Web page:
Shore power has several advantages for companies, crew, local residents, the environment and therefore for the port as a whole. Doedée: “I started this project about two years ago together with my colleague Erik van Hintum, a former captain. It soon became clear that the project not only offered opportunities for Heerema itself, but that it had a lot of potential to grow. After all, Heerema’s ships are not always moored in the harbor, so other ships would also be able to make use of the installation.”
Making quayside electricity accessible to a larger part of the port is also important to the Port Authority of Rotterdam and the municipality of Rotterdam. “It’s about quayside electricity as a service,” says Jarl Schoemaker, Senior Advisor of Environmental Management at the Port Authority. “If a company builds its own quayside electricity installation and then only uses it itself, it is often not profitable enough. But offering shore-side electricity in a commercial way such that other ships can also use the installation is financially interesting in the long term. It also inspires others to start using sustainable energy.”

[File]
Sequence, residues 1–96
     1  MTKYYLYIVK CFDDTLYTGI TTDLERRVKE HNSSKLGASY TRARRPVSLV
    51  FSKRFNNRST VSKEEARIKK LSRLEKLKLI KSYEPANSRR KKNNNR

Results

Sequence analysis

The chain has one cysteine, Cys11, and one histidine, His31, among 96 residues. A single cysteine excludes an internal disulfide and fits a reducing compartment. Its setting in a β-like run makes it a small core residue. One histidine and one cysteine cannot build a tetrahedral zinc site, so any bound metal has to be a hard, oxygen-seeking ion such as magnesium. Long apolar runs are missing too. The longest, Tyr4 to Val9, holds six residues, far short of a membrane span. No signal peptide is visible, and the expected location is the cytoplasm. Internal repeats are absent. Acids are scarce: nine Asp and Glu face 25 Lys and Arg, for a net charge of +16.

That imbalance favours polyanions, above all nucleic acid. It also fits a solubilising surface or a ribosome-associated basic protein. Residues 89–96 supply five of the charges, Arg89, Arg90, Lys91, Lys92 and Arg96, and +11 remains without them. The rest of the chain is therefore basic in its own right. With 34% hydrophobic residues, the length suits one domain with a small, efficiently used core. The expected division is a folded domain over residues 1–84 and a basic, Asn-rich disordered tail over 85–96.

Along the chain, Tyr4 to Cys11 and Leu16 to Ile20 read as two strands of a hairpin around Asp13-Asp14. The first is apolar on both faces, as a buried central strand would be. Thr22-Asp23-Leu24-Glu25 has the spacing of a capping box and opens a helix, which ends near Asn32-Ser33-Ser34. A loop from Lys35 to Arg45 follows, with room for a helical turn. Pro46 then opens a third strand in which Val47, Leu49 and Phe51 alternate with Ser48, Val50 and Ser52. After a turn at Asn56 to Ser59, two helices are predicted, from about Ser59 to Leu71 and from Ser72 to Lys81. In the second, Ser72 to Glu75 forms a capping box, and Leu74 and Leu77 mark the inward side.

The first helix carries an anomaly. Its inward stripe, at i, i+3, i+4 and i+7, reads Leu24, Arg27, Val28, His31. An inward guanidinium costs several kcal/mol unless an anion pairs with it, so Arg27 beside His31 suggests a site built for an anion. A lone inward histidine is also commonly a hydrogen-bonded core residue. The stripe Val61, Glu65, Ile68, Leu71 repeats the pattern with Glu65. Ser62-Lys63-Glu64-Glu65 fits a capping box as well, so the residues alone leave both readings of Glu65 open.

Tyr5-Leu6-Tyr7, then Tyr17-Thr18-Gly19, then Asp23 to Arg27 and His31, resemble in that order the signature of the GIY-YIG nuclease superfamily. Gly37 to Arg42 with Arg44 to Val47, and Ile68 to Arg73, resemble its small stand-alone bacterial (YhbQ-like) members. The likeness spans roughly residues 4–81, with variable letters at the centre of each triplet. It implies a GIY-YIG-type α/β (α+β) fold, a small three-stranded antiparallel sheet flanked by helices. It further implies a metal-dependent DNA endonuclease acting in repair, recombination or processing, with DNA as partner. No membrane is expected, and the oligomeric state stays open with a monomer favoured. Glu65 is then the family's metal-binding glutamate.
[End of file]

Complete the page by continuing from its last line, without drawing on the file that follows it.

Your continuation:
Joint company formed
To be able to offer shore-side electricity as a service, Eneco and the Port Authority of Rotterdam set up a joint company. Shore Power BV will not only supply Heerema with shore-side electricity, it will also function as a shore-side electricity hub. For the start-up phase, the municipality of Rotterdam intends to provide a subsidy of approximately €2 million. “Once the company has sufficient customers and turnover, it will repay the subsidy,” says Ryan Cornelisse, energy transition consultant for Rotterdam. “If that doesn’t work out, it’ll just remain a subsidy.”